Phosphorylation related perturbations in cellular signaling pathways are at the root of many human diseases. Protein phosphorylation cannot be observed using DNA or RNA sequencing, which means it is extremely important to develop proteomic technologies and methods that reproducibly and accurately quantify phosphorylation events. Tandem mass spectrometry currently provides an excellent platform to deeply catalog the sites of phosphorylation with respect to disease. However, accurate reproducibility and quantitation are hampered by several acquisition tradeoffs made to provide higher identification rates of low-abundant molecules. I propose an approach to improve quantitative reproducibility in phosphorylation experiments, specifically with regard to positional phosphorylation isomers. I intend to build computational tools that separate the tasks of peptide identification and site localization in proteomic workflows. I will perform site localization using several metrics calculated with entire fragment ion profiles made up of multiple scans, instead of current methods that only use a single scan to localize phosphorylation sites. This should significantly improve accuracy and reproducibility. I will apply this technique to monitor phosphorylation events in the IGF-1 signaling pathway of human cell lines with respect to various stimuli to help elucidate specific networking characteristics between members of that pathway. This project will also greatly benefit the signaling community by providing tools and methods to more reliably discover quantitative changes in the phosphoproteome.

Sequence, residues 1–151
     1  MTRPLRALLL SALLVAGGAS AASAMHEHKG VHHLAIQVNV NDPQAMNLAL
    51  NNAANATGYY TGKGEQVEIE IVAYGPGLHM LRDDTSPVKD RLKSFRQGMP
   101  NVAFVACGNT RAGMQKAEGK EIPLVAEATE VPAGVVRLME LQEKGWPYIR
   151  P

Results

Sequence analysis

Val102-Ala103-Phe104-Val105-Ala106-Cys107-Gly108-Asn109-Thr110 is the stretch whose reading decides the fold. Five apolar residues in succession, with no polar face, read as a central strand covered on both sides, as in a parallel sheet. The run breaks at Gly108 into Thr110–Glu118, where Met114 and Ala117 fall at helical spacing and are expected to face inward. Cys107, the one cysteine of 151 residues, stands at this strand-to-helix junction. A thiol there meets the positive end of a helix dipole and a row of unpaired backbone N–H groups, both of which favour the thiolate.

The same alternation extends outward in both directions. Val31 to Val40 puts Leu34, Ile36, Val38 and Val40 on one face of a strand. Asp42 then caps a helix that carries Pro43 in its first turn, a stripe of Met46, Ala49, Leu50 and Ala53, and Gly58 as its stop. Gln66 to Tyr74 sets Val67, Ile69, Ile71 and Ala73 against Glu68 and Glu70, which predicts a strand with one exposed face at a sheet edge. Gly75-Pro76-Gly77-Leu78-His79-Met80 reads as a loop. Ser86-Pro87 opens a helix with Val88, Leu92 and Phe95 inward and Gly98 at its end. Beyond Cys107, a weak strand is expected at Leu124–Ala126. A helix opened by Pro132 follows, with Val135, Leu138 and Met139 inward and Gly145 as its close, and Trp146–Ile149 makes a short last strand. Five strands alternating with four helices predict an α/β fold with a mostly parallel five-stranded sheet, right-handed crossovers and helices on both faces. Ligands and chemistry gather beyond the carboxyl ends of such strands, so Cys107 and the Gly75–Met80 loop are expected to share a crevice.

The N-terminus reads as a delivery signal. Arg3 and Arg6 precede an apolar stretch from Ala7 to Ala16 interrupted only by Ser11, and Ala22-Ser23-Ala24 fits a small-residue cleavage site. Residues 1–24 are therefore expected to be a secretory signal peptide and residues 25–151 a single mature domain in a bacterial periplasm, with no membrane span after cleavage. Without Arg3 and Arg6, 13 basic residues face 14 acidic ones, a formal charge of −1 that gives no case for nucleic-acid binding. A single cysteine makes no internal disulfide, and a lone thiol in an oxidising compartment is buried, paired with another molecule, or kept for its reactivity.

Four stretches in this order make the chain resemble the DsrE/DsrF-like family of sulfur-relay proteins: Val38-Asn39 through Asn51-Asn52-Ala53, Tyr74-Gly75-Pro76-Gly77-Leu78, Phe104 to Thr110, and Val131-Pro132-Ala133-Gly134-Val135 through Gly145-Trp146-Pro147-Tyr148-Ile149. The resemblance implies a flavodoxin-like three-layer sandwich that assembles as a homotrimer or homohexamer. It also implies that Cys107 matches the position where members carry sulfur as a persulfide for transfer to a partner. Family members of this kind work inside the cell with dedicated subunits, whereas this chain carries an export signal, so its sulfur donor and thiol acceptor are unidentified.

Public Health Relevance

This project will improve our understanding of the phosphorylation topology in the IGF-1 signaling pathway with respect to human disease. An understanding of this mechanism could open doors to new approaches to study and treat a wide range of diseases, including cancer, obesity, diabetes, and Alzheimer's disease. This project will also produce software tools and methods to improve reproducibility and accuracy in quantitative phosphoproteomics experiments.

Agency
National Institute of Health (NIH)
Institute
National Institute of General Medical Sciences (NIGMS)
Type
Predoctoral Individual National Research Service Award (F31)
Project #
5F31GM119273-02
Application #
9403933
Study Section
Special Emphasis Panel (ZRG1)
Program Officer
Smith, Ward
Project Start
2016-12-16
Project End
2018-12-15
Budget Start
2017-12-16
Budget End
2018-12-15
Support Year
2
Fiscal Year
2018
Total Cost
Indirect Cost
Name
University of Washington
Department
Genetics
Type
Schools of Medicine
DUNS #
605799469
City
Seattle
State
WA
Country
United States
Zip Code
98195